Dr Katherine Ashbullby
Washington Singer 121
Washington Singer Laboratories, University of Exeter, Perry Road, Prince of Wales Road, Exeter, EX4 4QG, UK
My past research has been varied and multidisciplinary, including projects in economic, organisational, health and environmental psychology. My postdoctoral research has focused on health in different domains and factors that promote psychological wellbeing. As an Associate Lecturer I contribute to the delivery of teaching and supervision of student research projects, for undergraduate and masters programmes. I am passionate about qualitative research and student health and wellbeing. I lead an informal student wellbeing group.
- PhD in Psychology, School of Psychology, University of Exeter. Thesis title: Money, cohabitation and the law - A story of diversity (2004-2007)
- MSc in Economic and Consumer Psychology (Distinction), School of Psychology, University of Exeter, UK (2003-2004)
- BSc Psychology (First Class), School of Psychology, University of Exeter, UK (2000-2003)
My training is in economic psychology. Economic psychology explores people’s attitudes, feelings and decisions in regards to everyday economic life including money management in intimate relationships, saving behaviour, debt and financial issues across the lifespan (eg. buying your first house, planning for retirement).
Drawing on theoretical insights from economic psychology, the psychology of intimate relationships, law and sociology, my doctoral research explored (i) the household financial management of unmarried cohabitants and (ii) the conceptualisation of unmarried cohabitation and marriage, in the context of potential legal changes to the status of unmarried cohabitation in England and Wales. The findings challenged legislation and case law that treated couples with separate bank accounts as separate financial entities and urged cohabiting couples to put protections in place if they perceived money as shared but kept it separately. Supervised by Dr Carole Burgoyne and Professor Janet Reibstein my PhD employed a multi method approach, including qualitative, quantitative and experimental methods.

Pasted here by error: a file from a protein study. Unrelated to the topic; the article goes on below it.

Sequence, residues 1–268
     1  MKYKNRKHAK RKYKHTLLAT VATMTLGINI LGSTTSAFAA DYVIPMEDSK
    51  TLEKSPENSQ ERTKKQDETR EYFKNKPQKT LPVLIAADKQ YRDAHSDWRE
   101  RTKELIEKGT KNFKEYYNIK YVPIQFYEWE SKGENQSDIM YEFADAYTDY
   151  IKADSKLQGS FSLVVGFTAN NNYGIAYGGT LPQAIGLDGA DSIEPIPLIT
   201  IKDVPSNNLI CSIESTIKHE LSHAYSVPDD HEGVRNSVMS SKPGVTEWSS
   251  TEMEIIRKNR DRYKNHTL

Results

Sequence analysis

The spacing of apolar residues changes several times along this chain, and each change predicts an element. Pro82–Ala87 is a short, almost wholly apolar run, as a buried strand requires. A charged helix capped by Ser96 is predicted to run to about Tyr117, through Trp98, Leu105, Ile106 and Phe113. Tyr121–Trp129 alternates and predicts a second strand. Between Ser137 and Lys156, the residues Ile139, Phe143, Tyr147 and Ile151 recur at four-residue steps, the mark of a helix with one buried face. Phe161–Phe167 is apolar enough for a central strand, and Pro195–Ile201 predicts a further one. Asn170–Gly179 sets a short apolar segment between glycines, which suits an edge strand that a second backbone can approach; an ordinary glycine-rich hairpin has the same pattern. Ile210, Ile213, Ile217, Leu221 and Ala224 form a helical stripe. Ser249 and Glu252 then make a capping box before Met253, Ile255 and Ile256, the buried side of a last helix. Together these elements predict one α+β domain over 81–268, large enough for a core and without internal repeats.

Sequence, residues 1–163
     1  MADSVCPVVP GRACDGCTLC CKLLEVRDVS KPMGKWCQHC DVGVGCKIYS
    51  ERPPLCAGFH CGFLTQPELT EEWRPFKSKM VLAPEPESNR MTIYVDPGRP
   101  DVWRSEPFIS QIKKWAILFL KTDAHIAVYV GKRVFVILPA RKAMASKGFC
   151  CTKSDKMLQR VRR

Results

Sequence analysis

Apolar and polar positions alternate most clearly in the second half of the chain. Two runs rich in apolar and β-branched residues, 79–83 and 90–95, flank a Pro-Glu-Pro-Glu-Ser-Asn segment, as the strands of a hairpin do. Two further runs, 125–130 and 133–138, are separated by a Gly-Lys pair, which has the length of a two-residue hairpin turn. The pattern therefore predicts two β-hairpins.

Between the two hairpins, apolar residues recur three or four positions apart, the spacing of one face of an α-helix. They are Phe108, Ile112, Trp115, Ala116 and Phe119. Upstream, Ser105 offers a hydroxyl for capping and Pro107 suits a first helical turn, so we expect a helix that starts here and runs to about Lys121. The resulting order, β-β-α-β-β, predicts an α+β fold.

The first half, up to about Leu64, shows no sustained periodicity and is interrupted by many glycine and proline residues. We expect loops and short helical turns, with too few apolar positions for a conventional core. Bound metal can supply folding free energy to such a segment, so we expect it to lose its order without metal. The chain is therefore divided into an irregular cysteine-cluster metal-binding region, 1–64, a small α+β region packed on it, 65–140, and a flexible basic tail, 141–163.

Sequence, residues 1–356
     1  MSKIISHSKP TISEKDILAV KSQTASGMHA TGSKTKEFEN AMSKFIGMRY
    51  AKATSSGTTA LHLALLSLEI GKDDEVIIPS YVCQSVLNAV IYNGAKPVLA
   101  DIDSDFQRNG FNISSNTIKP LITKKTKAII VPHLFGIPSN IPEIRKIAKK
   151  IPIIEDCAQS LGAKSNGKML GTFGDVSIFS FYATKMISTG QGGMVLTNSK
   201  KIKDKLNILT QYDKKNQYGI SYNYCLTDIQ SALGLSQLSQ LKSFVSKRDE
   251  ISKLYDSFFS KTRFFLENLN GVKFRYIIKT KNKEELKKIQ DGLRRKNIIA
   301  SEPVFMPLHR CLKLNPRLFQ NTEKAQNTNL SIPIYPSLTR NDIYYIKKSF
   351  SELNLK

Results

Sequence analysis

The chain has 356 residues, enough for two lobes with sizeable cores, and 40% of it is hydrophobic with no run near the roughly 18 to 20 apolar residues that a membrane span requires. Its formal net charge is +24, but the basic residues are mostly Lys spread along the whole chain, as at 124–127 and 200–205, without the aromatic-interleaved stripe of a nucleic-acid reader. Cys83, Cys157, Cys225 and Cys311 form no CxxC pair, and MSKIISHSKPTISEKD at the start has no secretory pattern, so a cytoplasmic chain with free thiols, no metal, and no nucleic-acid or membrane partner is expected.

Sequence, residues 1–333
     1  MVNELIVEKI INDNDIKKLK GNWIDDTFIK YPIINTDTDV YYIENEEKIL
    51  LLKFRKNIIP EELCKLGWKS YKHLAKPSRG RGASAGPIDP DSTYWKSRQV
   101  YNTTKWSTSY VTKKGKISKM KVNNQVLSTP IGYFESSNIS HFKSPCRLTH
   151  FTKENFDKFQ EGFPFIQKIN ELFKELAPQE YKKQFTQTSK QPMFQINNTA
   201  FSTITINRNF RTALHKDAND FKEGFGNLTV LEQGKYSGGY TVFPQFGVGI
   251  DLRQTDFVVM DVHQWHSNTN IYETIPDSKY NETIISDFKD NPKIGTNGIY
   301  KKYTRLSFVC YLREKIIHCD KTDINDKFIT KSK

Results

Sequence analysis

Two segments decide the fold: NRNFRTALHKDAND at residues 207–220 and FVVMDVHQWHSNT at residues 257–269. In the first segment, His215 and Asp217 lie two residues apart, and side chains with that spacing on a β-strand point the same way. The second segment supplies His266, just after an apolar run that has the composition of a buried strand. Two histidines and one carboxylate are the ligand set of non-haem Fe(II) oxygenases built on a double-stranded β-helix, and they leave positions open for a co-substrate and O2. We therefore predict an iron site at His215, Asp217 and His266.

I won a competitive ESRC research fellowship at the School of Oriental and African Studies, University of London, on the strength of my doctoral research. Based at the UK’s leading centre for Asian studies and mentored by the late Professor Paul Webley and Dr Caroline Osella, I examined the need for research on the household financial management of Pakistani and Bangladeshi Diasporas in the UK. As part of my fellowship I spent two months at the Roy McKenzie Centre in Wellington, New Zealand, working with Professor Jan Pryor to gain an insight into their innovative work on youth connectedness
I gained experience in organisational psychology during my time at The Work Foundation, a not-for-profit organisation that aims to improve the quality of working life. As part of a multidisciplinary team I was responsible for leading and working on a range of bespoke research projects that had a strong applied focus and ultimately aimed to improve employee health and wellbeing.